I had +7 at level 1. It's not hard. It eventually becomes auto succeed but not until like level 7ish.

If you want your fantasy setting to be arcane examples of modern technology, then perhaps PF Core fits. However, if you want to play Conan style games, or something emulating the Roman Empire where formations of soldiers are a threat and not an easy target for a fireball spell (or other area of effect spells.} Some themes of fantasy cannot be best achieved using the standard level of magic. Low magic can better fit the kind of stories that many fantasy settings are based. Standard levels of magic doesn't best fit every theme.
Think of wizards as magical catapults. Devastating entire formations in moments. Catapults accomplish the same as a fireball at that point.

They're really not. Outside RTS catapults don't hit an area. There are low arc arrow catapults that are sort of like lines, but can only go through so many ranks and there are stone throwing catapults that fire one or a small number of non-exploding projectiles. Later on there are cannons that effect lines with skillful gunners on ground hard enough to bounce a cannonball off of. A bit later, around the time what PF calls modern firearms are appearing, you finally get canister, but by then everyone except the cavalry is mostly fighting at range. It's not until timed fuse airburst shells make their appearance that anything resembling fireball appears, and shortly after that people stop fighting in formation and start fighting from trenches.

Artillery of any sort as mobile as a wizard (even a 3.5 wizard with transmutation as a banned school) doesn't appear until the seventeenth century when guns get light enough for a small team of horses to move quickly, but for PF wizards flying artillery isn't a metaphor. Accurate aerial bombardment doesn't come until the twentieth century. Accurate aerial bombardment from a platform that doesn't have to move quickly to stay in the air and can loiter waited until Vietnam.

So, really, nothing like anything you'd see in the Roman or Byzantine army. You might be able to fit evokers into the early modern paradigm if you ban any movement enhancing spell that's actually useful.

Claxon wrote:
Kolokotroni wrote:

Except in theory, the two hande fighter has other advantages over the 2 weapon fighter. Namely a higher dexterity, which can translate to a number of positives that the two handed build doesn't match. Namely, better saves, better stats in a useful set of skills. The non-stabing options that two weapon fighting and a higher dex can provide (higher defenses, extra effects added due to additional attacks made).

So if you want the two weapon fighter to be equal to the task of a two handed fighter in dealing out death, you have to prodive the 2hander with the added features the two weapon gets.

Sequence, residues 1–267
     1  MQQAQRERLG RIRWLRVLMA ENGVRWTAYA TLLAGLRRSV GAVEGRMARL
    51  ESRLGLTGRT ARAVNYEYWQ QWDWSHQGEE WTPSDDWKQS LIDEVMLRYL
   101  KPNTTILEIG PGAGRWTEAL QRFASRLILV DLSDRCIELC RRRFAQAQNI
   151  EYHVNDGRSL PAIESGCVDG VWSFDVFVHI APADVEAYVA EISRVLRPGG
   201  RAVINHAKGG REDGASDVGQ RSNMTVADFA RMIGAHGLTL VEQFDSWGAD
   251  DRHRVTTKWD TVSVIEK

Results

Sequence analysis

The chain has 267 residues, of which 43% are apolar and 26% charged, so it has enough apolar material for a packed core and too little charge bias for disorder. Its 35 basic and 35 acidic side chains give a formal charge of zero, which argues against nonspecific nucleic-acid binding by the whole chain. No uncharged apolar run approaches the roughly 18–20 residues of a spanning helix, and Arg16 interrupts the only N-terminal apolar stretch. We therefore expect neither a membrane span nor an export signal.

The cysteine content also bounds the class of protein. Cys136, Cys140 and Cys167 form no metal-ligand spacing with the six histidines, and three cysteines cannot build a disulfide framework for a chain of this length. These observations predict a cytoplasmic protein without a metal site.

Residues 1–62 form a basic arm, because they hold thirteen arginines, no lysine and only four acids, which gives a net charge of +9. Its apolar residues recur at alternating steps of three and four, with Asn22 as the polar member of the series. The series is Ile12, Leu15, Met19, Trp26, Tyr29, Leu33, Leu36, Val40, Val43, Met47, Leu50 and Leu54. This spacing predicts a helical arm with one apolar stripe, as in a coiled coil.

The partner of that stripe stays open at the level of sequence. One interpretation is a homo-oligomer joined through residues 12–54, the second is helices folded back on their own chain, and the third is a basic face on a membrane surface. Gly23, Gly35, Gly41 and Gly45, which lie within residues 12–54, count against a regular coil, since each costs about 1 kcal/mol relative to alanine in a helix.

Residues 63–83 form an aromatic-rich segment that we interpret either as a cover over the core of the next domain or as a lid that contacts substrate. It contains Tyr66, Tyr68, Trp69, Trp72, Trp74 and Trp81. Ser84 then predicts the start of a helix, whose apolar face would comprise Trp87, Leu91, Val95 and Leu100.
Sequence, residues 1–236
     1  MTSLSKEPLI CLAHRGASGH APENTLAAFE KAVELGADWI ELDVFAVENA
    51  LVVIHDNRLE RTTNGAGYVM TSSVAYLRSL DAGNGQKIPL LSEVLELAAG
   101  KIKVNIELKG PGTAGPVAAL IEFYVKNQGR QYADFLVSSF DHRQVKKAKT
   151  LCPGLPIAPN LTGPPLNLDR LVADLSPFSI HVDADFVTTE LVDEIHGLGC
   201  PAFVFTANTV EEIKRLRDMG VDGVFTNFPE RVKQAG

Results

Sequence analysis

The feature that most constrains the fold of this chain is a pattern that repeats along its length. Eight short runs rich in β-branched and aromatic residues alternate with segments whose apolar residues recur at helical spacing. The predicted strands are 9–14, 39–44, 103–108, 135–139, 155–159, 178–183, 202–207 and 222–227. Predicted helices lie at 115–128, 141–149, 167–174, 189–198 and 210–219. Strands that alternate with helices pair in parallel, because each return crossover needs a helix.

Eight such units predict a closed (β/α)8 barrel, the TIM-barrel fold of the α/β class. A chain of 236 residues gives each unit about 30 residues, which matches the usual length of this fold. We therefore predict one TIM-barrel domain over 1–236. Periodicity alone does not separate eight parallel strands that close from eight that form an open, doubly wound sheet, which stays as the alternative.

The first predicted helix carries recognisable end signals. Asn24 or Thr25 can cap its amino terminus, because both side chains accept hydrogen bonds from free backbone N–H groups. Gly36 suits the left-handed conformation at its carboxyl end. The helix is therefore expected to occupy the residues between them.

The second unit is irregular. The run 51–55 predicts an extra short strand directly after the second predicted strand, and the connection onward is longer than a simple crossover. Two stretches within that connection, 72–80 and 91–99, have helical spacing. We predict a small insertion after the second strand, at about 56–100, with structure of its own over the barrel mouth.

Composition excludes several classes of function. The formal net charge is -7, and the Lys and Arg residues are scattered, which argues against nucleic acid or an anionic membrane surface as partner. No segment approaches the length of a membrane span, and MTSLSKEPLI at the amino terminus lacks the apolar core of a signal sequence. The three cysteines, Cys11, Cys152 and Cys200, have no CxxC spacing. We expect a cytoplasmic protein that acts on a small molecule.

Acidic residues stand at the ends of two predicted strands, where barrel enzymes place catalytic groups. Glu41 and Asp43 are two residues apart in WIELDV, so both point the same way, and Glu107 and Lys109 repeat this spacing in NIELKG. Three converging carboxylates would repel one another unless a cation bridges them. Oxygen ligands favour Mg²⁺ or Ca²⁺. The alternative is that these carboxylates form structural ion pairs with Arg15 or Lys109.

I think you mixed up two handed fighter and two weapon fighter in your first sentence, but otherwise I strongly agree with this sentiment.

If you make two weapon fighters deal as much damage as a two handed fighter, then the two handed fighter needs equal initiative, AC, and reflex saves to the TWF. Because otherwise you are strictly making the TWF superior to the THF.

If initiative and touch AC were so great the two handed fighter would be buying up dex at the expense of strength just like the two weapon fighter and still come out ahead on feat and enhancement costs. The fact that the two handed fighters are not pumping up dex is proof that they're not worth the trade off.

Slayer has bonus feats as a ranger through the slayer talent list. Since the archery style has exactly the feats you want that's far better than fighter/rogue. Wizard 1 Slayer 6 Arcane Archer 8 Eldritch Knight 5 is probably about the closest build to a classic fighter/MU/Thief.

Chess Pwn wrote:

no it's 2 AC.

Light armor - chain shirt AC+4 max dex 4
medium armor - Mithril Breastplate AC+6 max dex 5
no matter how you look at it the mithril is giving more AC and more AC potential. It just probably wouldn't be worth the -1 to attack rolls for it.

Check the page reference.

Elven Chain:
AC+6 max dex 3 counts as light for all purposes including proficiency.

Magda Luckbender wrote:

Comment about the Mithril Breastplate suggestion:

A character with proficiency only in Light Armor is not proficient with Medium Armor, whether mithril or not. Such a character in Mithril Breastplate takes non-proficiency penalties for wearing a Mithril Breastplate. This penalty is either -1 (normally) or zero (0) if the PC has the Armor Expert trait. Thus, this trait, plus 4000 gp, can increase AC by 2.

Lacking the Armor Expert trait it's best to ignore the mithril breastplate option in your case, as it won't help.

The Fates Favored trait, combined with the Jingasa of the Fortunate Soldier, gives a +2 AC benefit. Both traits above, plus 9000 gp, would get this PC an extra +4 AC that stacks with everything else.

Only by 1 and that only if they have 20 or more dex. Elven chain on CRB 466 is an exception to the rule that mithril armor does not reduce proficiency requirements, but mithril chain has a max dex of +4 instead of +5 for breastplate.

1 to 50 of 4,744 << first < prev | 1 | 2 | 3 | 4 | 5 | 6 | 7 | 8 | 9 | 10 | next > last >>

©2002–2014 Paizo Inc.®. Need help? Email or call 425-250-0800 during our business hours: Monday–Friday, 10 AM–5 PM Pacific Time. View our privacy policy. Paizo Inc., Paizo, the Paizo golem logo, Pathfinder, the Pathfinder logo, Pathfinder Society, GameMastery, and Planet Stories are registered trademarks of Paizo Inc., and Pathfinder Roleplaying Game, Pathfinder Campaign Setting, Pathfinder Adventure Path, Pathfinder Adventure Card Game, Pathfinder Player Companion, Pathfinder Modules, Pathfinder Tales, Pathfinder Battles, Pathfinder Online, PaizoCon, RPG Superstar, The Golem's Got It, Titanic Games, the Titanic logo, and the Planet Stories planet logo are trademarks of Paizo Inc. Dungeons & Dragons, Dragon, Dungeon, and Polyhedron are registered trademarks of Wizards of the Coast, Inc., a subsidiary of Hasbro, Inc., and have been used by Paizo Inc. under license. Most product names are trademarks owned or used under license by the companies that publish those products; use of such names without mention of trademark status should not be construed as a challenge to such status.